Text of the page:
The Truth About Himalayan Pink Salt

Himalayan pink salt

To a lot of people, Himalayan pink salt is just that: salt. There is nothing special about it aside from the fact that it is naturally colored pink. What real benefits could it have in a world where salt is treated as a bad thing?

Himalayan pink salt is found, you guessed it, in the valleys of theHimalayas, deep within crystallized sea salt beds. These salt beds were covered in hardened lava millions of years ago, but are now covered in ice and snow. The combination of these two environmental factors is thought to have protected the salt from modern pollution, creating the belief that this pink salt is one of the purest salts on the planet. Isn't that a romantic idea?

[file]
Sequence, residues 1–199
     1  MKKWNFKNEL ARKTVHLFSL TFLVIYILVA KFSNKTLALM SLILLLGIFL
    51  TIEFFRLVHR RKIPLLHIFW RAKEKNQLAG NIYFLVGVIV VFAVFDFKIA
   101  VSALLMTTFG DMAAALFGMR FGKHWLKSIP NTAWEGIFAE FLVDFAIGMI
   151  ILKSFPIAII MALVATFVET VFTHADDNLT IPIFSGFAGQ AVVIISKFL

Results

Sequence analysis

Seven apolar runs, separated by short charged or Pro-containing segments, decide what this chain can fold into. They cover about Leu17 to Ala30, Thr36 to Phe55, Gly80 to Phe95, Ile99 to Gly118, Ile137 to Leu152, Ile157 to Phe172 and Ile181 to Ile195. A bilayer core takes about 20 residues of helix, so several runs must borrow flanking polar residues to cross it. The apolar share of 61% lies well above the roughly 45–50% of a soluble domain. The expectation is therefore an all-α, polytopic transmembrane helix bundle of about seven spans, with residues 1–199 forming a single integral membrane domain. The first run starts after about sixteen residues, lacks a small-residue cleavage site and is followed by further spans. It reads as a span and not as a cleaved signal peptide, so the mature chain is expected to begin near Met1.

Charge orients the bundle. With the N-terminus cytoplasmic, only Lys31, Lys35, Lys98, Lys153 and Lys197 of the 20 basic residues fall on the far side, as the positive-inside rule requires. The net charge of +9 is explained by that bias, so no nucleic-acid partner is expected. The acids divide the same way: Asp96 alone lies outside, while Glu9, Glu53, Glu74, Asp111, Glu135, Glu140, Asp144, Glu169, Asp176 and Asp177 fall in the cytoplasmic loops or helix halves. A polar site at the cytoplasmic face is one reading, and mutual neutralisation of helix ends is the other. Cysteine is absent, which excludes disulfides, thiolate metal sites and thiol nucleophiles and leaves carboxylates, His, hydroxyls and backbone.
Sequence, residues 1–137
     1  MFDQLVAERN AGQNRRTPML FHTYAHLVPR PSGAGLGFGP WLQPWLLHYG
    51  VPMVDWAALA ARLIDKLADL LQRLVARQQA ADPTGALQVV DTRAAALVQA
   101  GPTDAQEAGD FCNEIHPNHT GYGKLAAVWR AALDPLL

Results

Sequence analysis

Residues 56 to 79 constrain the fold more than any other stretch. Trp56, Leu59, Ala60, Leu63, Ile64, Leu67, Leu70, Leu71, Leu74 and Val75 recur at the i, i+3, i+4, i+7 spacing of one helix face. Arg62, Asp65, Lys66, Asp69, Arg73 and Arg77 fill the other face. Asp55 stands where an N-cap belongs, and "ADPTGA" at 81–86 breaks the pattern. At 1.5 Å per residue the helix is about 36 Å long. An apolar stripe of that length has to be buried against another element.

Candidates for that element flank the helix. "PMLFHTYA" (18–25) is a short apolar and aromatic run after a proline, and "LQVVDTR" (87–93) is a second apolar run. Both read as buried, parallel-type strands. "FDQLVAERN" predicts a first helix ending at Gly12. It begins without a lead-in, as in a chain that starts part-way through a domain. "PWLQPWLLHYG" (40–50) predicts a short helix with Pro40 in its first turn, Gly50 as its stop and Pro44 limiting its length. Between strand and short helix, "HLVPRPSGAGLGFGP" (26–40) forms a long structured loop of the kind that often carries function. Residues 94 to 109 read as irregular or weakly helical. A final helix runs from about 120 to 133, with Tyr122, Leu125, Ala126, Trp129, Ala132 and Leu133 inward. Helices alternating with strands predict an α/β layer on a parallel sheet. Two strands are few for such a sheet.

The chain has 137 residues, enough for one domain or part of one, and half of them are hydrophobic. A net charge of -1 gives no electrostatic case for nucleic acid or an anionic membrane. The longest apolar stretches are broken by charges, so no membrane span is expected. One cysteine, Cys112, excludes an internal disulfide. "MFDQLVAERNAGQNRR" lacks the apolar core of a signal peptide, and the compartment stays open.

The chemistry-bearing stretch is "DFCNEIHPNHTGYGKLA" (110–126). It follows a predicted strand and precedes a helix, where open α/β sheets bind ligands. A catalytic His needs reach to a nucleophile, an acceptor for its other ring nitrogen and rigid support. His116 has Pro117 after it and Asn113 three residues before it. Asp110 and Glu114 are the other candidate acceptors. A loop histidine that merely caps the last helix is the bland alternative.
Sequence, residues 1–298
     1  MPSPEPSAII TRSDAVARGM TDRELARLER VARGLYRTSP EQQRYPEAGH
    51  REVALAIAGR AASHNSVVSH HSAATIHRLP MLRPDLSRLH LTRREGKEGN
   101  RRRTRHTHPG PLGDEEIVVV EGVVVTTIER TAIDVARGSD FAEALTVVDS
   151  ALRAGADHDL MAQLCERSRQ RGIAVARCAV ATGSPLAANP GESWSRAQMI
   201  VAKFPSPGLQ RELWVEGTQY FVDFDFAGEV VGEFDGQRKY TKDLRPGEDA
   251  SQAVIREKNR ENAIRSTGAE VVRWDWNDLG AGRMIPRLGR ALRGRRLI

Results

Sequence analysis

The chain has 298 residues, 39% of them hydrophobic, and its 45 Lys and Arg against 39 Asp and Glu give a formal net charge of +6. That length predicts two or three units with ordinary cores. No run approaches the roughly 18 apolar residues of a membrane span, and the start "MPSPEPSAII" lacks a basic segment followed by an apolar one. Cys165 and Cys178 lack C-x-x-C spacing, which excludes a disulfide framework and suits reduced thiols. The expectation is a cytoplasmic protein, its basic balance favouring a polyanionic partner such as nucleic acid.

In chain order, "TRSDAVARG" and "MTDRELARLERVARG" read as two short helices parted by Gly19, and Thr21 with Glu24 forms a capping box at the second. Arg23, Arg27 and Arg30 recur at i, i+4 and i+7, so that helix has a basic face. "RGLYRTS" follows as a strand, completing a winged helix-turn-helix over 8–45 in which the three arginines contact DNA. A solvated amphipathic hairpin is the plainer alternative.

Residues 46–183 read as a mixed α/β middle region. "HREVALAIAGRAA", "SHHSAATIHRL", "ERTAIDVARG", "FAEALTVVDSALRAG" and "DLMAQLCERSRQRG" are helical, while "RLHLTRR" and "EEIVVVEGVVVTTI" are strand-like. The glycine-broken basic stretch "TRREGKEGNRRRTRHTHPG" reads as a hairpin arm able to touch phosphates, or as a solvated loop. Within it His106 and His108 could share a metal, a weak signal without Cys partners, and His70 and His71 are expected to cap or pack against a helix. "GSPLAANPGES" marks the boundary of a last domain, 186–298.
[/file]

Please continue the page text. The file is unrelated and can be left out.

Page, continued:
Now, there is a lot of controversy over whether or not this is true, but one thing we can't argue with is that the mineral analysis of this salt shows the bad mineral content is lower in comparison to processed table salt, while the good mineral content is higher than table salt. Any mineral content that is <0.001 ppm shows an undetectable amount due to most analysis' having a deviation of <0.004 ppm.

But, Isn't Salt Bad?

is salt bad

We live in a world where salt is made out to be the bad guy even when there's no science to back it up. Low-sodium diets are pushed around and marketed, chemicals are poured into food products to act as “salt-substitutes” all while the real thing is no where to be seen. Table salt is salt, yes, but it has been chemically processed to the point that it no longer has the beneficial nutrients that real, unrefined salt has. There are even studies that have been done concluding that a low-salt diet is actually worse for you than a high-salt one. Low-salt diets increase your risk of hypertension (high blood pressure) in those not susceptible, and even the risk of heart disease.

How Did It All Begin?